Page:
Day of the Dowd

L99A0029Gerald Dowd has drummed for with a lot of different Chicago musicians over the years, rarely taking the spotlight himself. Saturday was his day, and what a remarkable feat it was. FitzGerald’s hosted daylong festival called “Day of the Dowd,” featuring 17 bands playing over the course of 13 1/2 hours. Dowd played drums for the first 16 of these bands, barely taking any breaks longer than a few minutes. And then for the finale, Dowd stepped up to the microphone with an acoustic guitar, singing and playing tuneful alt-country songs from his first album as a solo artist, Home Now.

I showed up halfway through the day, arriving in time to catch a rare performance by the great Chicago power-pop band Frisbie — which was so good that it made me hope Frisbie starts playing more shows and recording music again. The rest of an evening was a who’s who of Chicago’s alt-country and related genres. Here’s the full list of bands that played starting at 11 a.m.: Justin Roberts and the Not Ready For Naptime Players, Dave Sills, Brian Ohern’s Model Citizens Big Band, Electric Dirt, Samba Bamba, the Regulators, Nora O’Connor, the Hoyle Brothers, EXO, Dave Ramont, Frisbie, Jive Council, Kelly Hogan, Lush Budgett, Chris Mills, Robbie Fulks and Gerald Dowd and his Moral Minority.

All of these musicians gave their time to play at this event, celebrating the release of Dowd’s new album and all that he’s done for them over the years. The event also raised money for the Greater Chicago Food Depository. Some singers and musicians kept turning up on the stage, performing with various groups over the course of the marathon.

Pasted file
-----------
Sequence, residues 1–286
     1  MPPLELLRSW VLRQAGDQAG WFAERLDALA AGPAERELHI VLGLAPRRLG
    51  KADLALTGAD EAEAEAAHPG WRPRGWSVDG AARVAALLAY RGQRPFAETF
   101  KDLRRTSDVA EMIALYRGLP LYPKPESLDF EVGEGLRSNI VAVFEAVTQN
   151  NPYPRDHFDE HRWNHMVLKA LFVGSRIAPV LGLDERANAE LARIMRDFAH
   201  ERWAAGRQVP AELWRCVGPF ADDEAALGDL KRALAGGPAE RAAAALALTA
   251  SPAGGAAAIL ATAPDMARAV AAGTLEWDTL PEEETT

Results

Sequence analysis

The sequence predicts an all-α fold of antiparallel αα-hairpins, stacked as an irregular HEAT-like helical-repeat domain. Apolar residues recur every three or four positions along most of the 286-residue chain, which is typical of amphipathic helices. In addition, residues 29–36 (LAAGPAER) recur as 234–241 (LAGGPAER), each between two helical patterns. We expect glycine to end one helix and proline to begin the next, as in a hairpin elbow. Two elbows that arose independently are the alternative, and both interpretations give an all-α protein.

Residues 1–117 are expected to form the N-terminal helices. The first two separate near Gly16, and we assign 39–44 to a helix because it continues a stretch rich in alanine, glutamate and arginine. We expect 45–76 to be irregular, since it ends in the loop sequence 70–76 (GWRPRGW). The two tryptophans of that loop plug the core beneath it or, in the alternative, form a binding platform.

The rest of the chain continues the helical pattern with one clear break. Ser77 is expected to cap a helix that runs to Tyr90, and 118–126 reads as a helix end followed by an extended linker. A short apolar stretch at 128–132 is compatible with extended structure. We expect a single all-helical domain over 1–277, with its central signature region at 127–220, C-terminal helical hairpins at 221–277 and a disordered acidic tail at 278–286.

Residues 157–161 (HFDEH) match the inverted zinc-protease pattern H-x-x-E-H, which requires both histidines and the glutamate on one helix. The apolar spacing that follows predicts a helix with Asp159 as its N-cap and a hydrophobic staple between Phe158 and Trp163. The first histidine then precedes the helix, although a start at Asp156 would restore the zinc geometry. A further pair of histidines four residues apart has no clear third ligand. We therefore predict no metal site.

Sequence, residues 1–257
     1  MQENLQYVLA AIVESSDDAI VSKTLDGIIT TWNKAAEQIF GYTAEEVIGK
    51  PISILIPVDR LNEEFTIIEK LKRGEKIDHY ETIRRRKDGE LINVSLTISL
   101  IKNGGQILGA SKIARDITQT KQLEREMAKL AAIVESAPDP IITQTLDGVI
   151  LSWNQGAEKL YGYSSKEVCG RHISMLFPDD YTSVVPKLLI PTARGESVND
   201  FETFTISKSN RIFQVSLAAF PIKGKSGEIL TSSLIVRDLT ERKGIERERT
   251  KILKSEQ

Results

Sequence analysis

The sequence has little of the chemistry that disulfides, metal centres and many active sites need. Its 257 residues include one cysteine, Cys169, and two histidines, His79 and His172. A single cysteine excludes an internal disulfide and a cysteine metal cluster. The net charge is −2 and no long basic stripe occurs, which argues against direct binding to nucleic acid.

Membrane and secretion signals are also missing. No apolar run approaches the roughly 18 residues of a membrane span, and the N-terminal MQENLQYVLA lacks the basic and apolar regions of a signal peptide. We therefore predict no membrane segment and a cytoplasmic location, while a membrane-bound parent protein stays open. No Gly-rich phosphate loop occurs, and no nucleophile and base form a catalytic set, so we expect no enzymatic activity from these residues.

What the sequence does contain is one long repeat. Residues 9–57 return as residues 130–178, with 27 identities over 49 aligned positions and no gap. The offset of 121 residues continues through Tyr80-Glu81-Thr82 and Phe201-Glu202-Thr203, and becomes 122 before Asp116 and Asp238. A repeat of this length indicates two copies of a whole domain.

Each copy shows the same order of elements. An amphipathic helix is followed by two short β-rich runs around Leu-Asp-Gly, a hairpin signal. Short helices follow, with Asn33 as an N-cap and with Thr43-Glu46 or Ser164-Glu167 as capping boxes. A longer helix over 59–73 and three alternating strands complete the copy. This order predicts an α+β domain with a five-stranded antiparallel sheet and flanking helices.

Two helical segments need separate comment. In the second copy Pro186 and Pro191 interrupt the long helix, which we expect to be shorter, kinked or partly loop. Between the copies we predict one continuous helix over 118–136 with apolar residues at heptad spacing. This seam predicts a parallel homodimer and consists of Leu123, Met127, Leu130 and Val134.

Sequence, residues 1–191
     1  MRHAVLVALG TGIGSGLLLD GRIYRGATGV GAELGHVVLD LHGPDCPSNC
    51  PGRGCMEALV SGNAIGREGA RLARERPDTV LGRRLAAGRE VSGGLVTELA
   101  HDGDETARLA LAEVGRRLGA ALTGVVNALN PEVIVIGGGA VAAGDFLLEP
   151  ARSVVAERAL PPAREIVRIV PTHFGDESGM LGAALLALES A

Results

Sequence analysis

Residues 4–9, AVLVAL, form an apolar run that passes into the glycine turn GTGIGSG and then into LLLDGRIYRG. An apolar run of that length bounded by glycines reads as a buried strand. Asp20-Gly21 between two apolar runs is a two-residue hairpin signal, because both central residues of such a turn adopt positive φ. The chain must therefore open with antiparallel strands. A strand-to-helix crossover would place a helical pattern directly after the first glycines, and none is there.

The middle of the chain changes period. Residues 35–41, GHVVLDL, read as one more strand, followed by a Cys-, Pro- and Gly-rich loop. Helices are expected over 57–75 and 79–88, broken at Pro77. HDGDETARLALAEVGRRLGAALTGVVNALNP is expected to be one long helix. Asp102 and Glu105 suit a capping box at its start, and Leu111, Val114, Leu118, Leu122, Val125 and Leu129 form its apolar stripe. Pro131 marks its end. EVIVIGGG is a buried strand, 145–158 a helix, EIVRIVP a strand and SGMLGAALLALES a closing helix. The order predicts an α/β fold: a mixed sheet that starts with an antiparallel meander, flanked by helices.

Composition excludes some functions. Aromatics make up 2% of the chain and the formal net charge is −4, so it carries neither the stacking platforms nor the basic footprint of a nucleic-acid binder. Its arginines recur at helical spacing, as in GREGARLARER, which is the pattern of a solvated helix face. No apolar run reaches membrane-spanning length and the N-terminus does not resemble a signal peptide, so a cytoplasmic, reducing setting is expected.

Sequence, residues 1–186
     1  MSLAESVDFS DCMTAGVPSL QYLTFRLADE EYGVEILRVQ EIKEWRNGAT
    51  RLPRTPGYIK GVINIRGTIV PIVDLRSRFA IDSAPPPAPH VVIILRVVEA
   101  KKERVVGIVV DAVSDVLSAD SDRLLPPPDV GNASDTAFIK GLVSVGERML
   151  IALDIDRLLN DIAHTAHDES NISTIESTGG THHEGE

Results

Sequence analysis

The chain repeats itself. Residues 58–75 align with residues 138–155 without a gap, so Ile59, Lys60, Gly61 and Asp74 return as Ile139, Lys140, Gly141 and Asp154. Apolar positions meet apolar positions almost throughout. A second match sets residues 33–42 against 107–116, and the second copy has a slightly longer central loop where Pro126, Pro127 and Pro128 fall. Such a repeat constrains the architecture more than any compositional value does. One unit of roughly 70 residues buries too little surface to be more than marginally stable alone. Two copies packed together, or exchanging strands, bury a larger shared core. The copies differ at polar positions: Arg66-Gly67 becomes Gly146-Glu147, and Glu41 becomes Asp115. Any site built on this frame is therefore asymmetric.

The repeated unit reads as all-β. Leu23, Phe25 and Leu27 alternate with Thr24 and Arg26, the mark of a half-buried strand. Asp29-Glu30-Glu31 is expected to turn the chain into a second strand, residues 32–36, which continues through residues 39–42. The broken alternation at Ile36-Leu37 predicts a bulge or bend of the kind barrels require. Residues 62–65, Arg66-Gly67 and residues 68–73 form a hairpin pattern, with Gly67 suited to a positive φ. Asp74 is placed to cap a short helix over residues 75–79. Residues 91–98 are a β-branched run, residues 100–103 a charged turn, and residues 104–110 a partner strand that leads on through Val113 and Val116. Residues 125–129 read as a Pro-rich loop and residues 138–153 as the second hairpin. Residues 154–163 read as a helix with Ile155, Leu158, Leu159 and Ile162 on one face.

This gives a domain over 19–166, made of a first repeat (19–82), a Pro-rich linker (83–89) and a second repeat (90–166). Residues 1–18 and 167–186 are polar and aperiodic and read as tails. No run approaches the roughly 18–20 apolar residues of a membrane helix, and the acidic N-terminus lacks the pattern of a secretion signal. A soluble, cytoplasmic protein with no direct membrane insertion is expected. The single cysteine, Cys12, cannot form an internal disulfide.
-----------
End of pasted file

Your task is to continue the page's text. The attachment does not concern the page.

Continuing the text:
Dowd started his own set with his 14-year-old son standing next to him and playing guitar. Various other musicians joined Dowd over the course of that final hour, but then it was just him standing alone on the stage for the encore, playing a beautiful acoustic ballad from Home Now. I sensed something especially heartfelt in the applause. It was astounding to think what this man had just put himself through. He was still standing as the show ended around 12:40 a.m., remarking that he was looking forward to a day without any drumming on Sunday.

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Dave Ramont and Gerald Dowd
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Frisbie
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Frisbie

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Frisbie
Frisbie
Frisbie
Frisbie

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Kelly Hogan
Kelly Hogan
Kelly Hogan
Kelly Hogan
Scott Ligon (playing with Kelly Hogan)
Scott Ligon (playing with Kelly Hogan)
Lush Budgett
Lush Budgett
Chris Mills
Chris Mills
Chris Mills
Chris Mills
Chris Mills
Chris Mills
Kelly Hogan gives Dowd a back rub.
Kelly Hogan gives Dowd a back rub.
Robbie Fulks
Robbie Fulks
Grant Tye, Kelly Hogan and Robbie Fulks
Grant Tye, Kelly Hogan and Robbie Fulks